7 reasons banks reject mortgage applications, and how to get approved

How to get approved for mortgageWe all know it's tougher to get a home loan these days compared with just a few years ago. Banks tightened their credit standards dramatically during the credit crunch, and lenders now accept only 55% of all mortgage applications, according to the latest annual statistics from the Mortgage Bankers Association.

Overall lending by U.S. banks plunged by 7.4% in 2009, the sharpest decline since 1942, based on FDIC data. And so far in 2010, banks have yet to ease lending standards.

So if you're thinking about buying a house or refinancing your current home, it's time to arm yourself with information that will ensure you get a "Yes" from a lender.

Here are seven reasons people get turned down for a mortgage – along with some advice on how to overcome these obstacles.

1. Can't properly document your income

This may come as a shocker to many people – especially those who have worked so hard to get that super-high FICO score or to save a ton of cash. But having good credit isn't the be-all and end-all in the mortgage lending business. Neither does having a pile of greenbacks make you a shoe-in for a mortgage.

"You can have an 800 FICO score and $1 million sitting in a bank account at some institution, but if you can't prove your income, and back it up with your tax records, we simply can not do that loan," says Thasunda Brown Duckett, senior vice president and Northeast region manager for Chase Mortgage, a division of JP Morgan Chase.

Other income-related issues that can trip up a mortgage application include: frequent job-hopping, gaps in employment, not having two years' consecutive employment in the same industry, or recently going from a salaried position to commission-based work, which makes it difficult to document your track record and true earnings history.

"Credit still matters, of course, and you do need to have cash reserves," Duckett said. "But in this environment, we're getting back to basics and looking at all the factors – such as how much you're borrowing, the loan-to-value ratio on the loan, how leveraged you are, and whether or not your tax returns show that you can weather the storm if taxes go up or things go wrong with your home. So it's not only about your credit score or reserves."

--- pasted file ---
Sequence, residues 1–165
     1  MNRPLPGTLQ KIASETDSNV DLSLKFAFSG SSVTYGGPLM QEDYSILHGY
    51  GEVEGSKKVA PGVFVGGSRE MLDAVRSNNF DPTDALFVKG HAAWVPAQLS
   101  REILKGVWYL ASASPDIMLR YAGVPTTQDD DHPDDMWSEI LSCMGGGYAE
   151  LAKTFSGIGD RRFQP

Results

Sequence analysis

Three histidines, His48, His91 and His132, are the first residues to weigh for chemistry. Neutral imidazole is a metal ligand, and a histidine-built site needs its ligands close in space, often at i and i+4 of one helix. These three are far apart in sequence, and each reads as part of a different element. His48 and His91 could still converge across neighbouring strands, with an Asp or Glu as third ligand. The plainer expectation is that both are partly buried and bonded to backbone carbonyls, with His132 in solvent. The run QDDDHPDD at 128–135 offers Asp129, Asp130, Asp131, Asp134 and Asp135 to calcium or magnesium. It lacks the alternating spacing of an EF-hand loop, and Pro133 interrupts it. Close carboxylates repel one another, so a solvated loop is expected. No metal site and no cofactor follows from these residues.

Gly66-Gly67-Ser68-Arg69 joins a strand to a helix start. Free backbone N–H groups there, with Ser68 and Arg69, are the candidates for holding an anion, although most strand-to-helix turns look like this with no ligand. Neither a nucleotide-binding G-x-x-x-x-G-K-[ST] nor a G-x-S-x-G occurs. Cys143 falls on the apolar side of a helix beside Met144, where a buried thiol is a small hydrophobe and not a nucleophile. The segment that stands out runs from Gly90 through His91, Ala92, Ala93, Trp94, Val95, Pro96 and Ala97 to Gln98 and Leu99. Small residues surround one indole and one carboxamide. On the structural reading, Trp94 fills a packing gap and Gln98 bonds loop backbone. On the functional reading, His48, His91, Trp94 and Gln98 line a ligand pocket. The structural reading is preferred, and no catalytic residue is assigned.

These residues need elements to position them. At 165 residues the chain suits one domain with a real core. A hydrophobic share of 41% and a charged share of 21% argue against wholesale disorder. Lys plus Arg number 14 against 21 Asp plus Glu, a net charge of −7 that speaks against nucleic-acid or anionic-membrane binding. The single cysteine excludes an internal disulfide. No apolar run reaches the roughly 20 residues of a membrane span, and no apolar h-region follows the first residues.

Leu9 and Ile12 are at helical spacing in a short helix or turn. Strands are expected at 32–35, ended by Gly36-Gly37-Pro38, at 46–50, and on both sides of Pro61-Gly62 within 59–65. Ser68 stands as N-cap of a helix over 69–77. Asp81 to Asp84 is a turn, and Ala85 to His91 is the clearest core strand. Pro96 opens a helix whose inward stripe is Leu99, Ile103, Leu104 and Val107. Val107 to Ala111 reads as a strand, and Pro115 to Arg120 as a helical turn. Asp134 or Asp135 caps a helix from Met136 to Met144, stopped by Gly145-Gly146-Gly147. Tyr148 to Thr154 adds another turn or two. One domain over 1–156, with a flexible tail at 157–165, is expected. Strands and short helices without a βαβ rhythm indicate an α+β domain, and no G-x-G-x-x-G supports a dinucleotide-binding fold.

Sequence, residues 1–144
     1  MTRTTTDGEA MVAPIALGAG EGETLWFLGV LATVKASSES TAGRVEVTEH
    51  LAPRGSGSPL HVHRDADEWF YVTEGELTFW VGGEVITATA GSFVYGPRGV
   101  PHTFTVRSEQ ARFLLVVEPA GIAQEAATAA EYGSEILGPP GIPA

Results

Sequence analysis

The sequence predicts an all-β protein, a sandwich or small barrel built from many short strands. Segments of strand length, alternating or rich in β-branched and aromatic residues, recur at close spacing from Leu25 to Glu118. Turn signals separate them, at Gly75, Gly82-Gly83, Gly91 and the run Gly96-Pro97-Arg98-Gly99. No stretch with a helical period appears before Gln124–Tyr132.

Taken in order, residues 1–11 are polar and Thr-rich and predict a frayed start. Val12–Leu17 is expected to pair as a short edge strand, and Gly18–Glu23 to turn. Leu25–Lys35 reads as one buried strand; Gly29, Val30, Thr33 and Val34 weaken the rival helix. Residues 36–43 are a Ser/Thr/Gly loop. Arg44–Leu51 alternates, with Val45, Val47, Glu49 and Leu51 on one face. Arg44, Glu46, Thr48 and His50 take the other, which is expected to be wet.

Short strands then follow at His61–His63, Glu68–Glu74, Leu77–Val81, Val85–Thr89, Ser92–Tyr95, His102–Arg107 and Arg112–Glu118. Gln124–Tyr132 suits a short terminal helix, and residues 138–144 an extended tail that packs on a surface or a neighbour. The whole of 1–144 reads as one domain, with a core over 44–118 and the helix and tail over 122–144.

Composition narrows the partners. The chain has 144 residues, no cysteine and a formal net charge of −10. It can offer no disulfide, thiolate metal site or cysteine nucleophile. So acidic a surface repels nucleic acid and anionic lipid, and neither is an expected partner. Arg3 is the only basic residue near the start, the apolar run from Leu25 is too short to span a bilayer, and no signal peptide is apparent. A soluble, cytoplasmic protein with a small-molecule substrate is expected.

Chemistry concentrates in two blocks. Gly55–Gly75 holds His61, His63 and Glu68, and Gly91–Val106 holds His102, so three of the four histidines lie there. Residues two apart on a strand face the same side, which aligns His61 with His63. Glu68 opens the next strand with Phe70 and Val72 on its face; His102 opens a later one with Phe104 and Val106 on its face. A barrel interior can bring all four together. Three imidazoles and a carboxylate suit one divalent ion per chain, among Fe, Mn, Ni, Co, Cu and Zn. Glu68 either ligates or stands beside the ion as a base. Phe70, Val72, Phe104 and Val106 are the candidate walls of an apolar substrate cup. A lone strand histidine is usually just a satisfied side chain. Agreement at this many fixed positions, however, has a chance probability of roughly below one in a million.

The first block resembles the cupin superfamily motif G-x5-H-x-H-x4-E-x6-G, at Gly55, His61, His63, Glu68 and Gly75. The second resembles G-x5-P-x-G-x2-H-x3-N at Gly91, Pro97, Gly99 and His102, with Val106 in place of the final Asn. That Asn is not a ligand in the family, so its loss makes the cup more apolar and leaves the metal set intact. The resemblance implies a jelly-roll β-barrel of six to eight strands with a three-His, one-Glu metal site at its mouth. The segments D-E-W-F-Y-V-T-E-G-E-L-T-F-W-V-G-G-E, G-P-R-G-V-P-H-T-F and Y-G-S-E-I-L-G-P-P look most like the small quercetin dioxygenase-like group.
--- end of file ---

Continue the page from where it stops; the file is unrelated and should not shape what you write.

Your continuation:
2. Lack strong "compensating factors"
If your application has some problem issue or you're on the borderline of qualifying, perhaps because your debt-to-income ratio is a bit high, "one way to strengthen your application is with compensating factors," says Chris Jordan, a licensed mortgage banker with First Home Mortgage in Silver Spring, MD. A "compensating factor" is mortgage industry lingo for having some positive aspect in your mortgage application to offset other negatives.

Jordan said examples of compensating factors may include:
  • Big down payment (more than 20%)
  • Lower than normal loan-to-value ratio (less than 80%)
  • Lots of cash reserves (12 months or more)
  • High credit score (above 740)

For borrowers without a pristine application, a lack of strong compensating factors could mean your application is dead in the water.

3. Picked the wrong type of property
There are some kinds of properties many lenders remain skittish about financing. Among them: second homes and investment properties. This doesn't mean funding isn't available for these buildings; only that they carry more stringent terms, like bigger down payments and more cash reserve requirements.

Condos are another tricky area, especially those in new developments. As a buyer, you may think you're picking up a terrific bargain by getting in early on a condo that's currently under construction or in the early selling phase.

But be forewarned: most banks won't lend money on condos unless 70% or more of the units have been sold. What's more, lenders won't issue mortgages on condos in complexes that aren't on the FHA's approved list of condos.

"We've had customers who have put down big down payments of $30,000 or more on condos, and then they can't get approved because the project isn't approved," says Duckett. So she recommends that before you fork over a down payment, ask your lender about whether the condo you're considering is on its approved condo list.

4. Sandbagged by a know-nothing appraiser
During the heyday of the 2004 to 2007 real estate boom, home values soared. Critics said shoddy, overly-optimistic appraisals were partly to blame. So as of May 1, 2009, a new Home Valuation Code of Conduct went into effect mandating, among other things, that home appraisers be selected at random.